HED-3G also introduced a number of advanced tagging concepts that allow users to represent events with temporal duration, as well as annotations that represent experimental design.

1.2. Goals of HED

An event is a process that unfolds over time representing something that happens. Events are typically measured by noting sequences of time points (event markers) usually marking specific transition points which could be thought of as moments of phase transition in a dynamic process. HED annotation documents what happens at these event markers in order to facilitate data analysis and interpretation. Commonly recorded event markers in electrophysiological data collection include the initiation, termination, or other features of sensory presentations and participant actions. Other events may be unplanned environmental events (for example, noise and vibration from construction work unrelated to the experiment, or a laboratory device malfunction), changes in experiment control parameters as well as data features and control mishaps that cause operation to fall outside of normal experiment parameters. The goals of HED are to provide a standardized annotation and supporting infrastructure.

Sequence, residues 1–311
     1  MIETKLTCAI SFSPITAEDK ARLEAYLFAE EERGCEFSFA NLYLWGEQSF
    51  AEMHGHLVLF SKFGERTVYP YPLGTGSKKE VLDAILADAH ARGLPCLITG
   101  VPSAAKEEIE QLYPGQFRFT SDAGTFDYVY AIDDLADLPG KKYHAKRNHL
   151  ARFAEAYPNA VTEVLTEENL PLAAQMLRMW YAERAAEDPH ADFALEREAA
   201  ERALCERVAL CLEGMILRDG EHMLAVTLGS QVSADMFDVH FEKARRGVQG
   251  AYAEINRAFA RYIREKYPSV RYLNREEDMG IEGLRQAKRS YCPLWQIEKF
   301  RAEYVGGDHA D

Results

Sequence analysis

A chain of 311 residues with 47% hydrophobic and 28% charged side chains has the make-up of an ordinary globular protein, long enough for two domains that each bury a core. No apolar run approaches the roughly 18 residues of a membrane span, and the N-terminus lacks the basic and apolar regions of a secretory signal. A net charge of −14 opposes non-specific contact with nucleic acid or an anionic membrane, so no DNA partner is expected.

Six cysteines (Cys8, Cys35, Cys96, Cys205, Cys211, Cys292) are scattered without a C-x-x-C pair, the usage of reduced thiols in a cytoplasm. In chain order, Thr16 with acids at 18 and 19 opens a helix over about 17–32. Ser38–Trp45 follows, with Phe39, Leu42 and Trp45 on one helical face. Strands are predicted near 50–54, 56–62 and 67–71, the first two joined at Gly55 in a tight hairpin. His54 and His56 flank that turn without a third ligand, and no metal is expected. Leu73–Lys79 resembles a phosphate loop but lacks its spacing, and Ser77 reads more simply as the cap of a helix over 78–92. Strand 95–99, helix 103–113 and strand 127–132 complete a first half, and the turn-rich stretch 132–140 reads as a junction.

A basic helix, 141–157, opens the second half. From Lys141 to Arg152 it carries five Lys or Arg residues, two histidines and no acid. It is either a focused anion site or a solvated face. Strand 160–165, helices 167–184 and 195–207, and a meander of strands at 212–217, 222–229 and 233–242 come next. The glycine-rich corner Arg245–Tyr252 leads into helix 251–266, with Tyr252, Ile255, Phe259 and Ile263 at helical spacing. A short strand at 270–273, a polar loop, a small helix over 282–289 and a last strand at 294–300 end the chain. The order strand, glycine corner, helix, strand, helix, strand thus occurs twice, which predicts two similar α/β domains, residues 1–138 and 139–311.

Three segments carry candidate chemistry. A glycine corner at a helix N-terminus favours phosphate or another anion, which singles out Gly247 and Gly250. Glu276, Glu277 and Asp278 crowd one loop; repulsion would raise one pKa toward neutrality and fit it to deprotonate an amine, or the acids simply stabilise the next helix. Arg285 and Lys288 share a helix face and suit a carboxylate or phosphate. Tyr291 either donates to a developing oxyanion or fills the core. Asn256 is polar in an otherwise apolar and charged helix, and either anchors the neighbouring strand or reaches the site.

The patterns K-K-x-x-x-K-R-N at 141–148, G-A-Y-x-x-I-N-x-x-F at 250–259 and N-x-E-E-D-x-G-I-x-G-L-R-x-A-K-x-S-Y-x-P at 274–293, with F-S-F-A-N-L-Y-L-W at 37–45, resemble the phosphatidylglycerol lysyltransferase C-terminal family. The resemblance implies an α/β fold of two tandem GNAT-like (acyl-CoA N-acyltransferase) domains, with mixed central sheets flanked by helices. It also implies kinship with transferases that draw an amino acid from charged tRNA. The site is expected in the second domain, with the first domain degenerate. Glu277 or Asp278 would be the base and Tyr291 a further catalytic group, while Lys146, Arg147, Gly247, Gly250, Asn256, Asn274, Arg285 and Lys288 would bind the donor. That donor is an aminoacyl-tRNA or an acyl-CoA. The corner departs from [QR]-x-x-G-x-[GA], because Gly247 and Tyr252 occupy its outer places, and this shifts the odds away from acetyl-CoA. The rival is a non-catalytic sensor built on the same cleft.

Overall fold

Goals of HED.

  1. Document the exact nature of events (sensory, behavioral, environmental, and other) that occur during recorded time series data in order to inform data analysis and interpretation.

  2. Describe the design of the experiment including participant task(s).

  3. Relate event occurrences both to the experiment design and to participant tasks and experience.

  4. Provide basic infrastructure for building and using machine-actionable tools to systematically analyze data associated with recorded events in and across data sets, studies, paradigms, and modalities.